Saving sea urchins
In some places along the Maine coast,
the spiny marine animals known as sea urchins have disappeared. That's
why for the past three years, University of Maine graduate student
Amanda Leland has worked closely with the sea urchin industry to
determine if the marine resource can be re-established in areas where
there has been intense harvesting in the last 15 years.
Evidence suggests that urchin populations probably will not recover
naturally. As a result, sea urchin harvesters, fishery managers and
scientists have been exploring options to restore urchin stocks and
manage the fishery. The results of Leland's marine biology research
could help to determine whether replanting urchins in depleted areas is
a viable management option.
In 2000, Leland received a Marine Studies Fellowship from the Maine
Department of Marine Resources and The University of Maine, which
created a fisheries liaison position that began her work with the sea
urchin industry. As a liaison, Leland helped to bridge the gap between
science, industry and policy by translating science to both harvesters
and resource managers.
"The harvesters have helped me realize the socioeconomic importance of
fishing in small, rural communities and the rationale behind their
concerns for the future of their industry," says Leland, who did her
undergraduate work at Purdue University.
This spring, Leland will be on Capitol Hill as a Dean John A. Knauss
Marine Policy Fellow. The competitive fellowship, offered by the
National Sea Grant College Program, places graduate students from across
the nation in positions with the U.S. Congress and the Executive Branch.
This is the second consecutive year that a UMaine graduate student has
been selected for the fellowship.
Leland says the Knauss Fellowship program will provide the experience in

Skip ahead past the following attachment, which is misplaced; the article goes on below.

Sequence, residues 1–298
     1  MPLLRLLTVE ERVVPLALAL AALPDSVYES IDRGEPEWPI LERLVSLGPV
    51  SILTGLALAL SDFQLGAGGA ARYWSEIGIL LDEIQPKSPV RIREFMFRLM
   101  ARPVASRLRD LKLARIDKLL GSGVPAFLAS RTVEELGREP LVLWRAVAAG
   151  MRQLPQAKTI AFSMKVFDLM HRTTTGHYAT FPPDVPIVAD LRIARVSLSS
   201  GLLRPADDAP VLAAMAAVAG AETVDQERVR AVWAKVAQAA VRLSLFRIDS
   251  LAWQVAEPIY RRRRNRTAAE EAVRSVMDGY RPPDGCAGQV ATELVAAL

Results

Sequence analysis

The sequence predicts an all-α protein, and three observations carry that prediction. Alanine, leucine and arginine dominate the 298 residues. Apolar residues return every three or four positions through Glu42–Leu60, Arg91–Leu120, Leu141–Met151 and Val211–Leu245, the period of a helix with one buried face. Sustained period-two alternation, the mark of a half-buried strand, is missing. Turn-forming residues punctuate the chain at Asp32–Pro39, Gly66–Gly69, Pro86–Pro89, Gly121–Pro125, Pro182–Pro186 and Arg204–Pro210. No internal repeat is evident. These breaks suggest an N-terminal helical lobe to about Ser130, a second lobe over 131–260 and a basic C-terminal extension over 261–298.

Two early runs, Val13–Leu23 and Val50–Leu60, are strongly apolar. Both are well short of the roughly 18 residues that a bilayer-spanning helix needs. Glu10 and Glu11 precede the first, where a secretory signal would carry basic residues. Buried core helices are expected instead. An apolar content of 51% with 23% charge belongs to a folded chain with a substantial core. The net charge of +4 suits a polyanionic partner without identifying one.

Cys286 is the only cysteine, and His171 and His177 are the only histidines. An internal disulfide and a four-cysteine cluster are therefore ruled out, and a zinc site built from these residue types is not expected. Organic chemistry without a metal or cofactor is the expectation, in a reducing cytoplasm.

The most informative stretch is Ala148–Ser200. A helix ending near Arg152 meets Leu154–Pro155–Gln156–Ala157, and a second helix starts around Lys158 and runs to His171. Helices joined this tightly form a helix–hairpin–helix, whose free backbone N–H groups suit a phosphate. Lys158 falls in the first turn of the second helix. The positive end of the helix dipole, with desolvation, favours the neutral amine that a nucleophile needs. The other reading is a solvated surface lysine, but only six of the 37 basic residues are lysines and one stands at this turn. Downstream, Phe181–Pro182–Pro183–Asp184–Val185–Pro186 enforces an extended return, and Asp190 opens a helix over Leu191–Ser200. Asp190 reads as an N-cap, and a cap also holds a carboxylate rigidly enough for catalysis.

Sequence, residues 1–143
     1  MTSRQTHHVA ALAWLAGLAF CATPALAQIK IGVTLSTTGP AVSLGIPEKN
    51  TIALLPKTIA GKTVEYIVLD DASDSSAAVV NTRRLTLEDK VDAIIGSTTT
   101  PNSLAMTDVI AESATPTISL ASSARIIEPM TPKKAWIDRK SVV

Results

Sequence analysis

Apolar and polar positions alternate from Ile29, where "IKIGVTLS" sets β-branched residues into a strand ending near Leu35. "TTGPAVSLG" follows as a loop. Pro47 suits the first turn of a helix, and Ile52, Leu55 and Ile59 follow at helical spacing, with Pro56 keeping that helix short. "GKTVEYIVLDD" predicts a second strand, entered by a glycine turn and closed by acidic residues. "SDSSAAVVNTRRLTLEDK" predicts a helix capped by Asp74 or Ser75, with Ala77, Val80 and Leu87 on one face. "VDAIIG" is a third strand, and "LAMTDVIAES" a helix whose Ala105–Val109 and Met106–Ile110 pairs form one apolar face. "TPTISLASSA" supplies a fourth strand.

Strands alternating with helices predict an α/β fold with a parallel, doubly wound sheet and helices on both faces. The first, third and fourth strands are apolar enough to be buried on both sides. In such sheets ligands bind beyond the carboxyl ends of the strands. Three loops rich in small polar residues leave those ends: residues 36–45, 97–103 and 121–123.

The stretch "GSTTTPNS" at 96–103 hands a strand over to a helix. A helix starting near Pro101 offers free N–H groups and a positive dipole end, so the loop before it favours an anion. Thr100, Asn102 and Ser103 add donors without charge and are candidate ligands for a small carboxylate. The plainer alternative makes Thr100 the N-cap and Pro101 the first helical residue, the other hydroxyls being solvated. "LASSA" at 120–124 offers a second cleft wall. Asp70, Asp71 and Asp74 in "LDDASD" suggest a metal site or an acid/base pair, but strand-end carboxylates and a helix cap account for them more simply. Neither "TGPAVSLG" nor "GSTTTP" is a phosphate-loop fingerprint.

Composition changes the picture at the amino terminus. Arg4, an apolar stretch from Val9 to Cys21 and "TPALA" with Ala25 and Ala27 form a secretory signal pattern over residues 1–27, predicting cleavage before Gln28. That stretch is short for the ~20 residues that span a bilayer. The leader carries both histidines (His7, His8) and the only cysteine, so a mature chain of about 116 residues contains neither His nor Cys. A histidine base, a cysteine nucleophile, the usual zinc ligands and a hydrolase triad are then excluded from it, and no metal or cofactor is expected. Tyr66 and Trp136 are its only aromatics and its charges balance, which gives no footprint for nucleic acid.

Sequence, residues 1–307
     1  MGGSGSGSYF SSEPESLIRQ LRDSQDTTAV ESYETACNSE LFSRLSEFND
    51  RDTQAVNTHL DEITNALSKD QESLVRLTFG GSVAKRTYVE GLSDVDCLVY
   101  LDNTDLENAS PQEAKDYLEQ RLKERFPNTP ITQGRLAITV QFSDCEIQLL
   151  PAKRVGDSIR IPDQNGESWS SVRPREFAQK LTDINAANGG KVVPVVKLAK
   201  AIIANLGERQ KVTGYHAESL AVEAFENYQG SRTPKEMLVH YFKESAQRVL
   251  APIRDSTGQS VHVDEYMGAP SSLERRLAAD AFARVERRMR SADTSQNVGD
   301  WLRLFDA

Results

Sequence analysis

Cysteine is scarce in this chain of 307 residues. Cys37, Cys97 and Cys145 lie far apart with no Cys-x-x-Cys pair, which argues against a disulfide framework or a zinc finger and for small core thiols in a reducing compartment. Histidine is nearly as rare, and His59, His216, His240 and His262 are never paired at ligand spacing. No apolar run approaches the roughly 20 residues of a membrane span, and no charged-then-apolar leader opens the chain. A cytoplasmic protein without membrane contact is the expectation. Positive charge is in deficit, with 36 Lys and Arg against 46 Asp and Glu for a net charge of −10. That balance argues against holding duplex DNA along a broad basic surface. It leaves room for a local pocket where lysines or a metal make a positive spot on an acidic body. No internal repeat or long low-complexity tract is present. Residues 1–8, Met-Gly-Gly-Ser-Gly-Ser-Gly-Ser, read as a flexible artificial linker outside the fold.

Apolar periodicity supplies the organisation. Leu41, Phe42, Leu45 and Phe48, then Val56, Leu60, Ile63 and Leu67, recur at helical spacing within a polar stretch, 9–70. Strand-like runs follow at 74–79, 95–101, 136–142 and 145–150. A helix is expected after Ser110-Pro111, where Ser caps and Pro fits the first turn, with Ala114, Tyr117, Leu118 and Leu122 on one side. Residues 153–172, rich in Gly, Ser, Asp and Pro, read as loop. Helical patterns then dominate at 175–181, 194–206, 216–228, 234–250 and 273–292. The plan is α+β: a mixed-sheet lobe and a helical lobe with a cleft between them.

federal marine policy that she needs to become an effective marine
Opting to co-op
UMaine chemical engineering junior P.J. Dumont of Holden, Maine, is
between jobs. Co-op jobs.
This past summer, he gained cooperative education experience working at
the International Paper mill in Bucksport, Maine. He's headed back in
January for a semester-long internship.
Dumont was awarded a co-op position coordinated by The University of
Maine's Department of Chemical and Biological Engineering and offered in
cooperation with industrial employers.
On the job, Dumont is working as a junior chemical engineer, gaining
paid professional experience. He is part of a process engineering team
that monitors the quality of the papermaking process, including
troubleshooting through computer data analysis.
"It's interesting to see the actual process of making paper — from the
size of the machines to the steps in creating it," Dumont says.
"Especially after next semester, my co-op experience will help me decide
While chemistry was Dumont's forte in high school, he was unclear what
career path to pursue. He enrolled in UMaine's Academic and Career
Exploration (ACE) program, designed to give students an opportunity to
research the academic programs that match their abilities and
intellectual or career interests.
For Dumont, the choices range from pulp and paper to pharmaceutical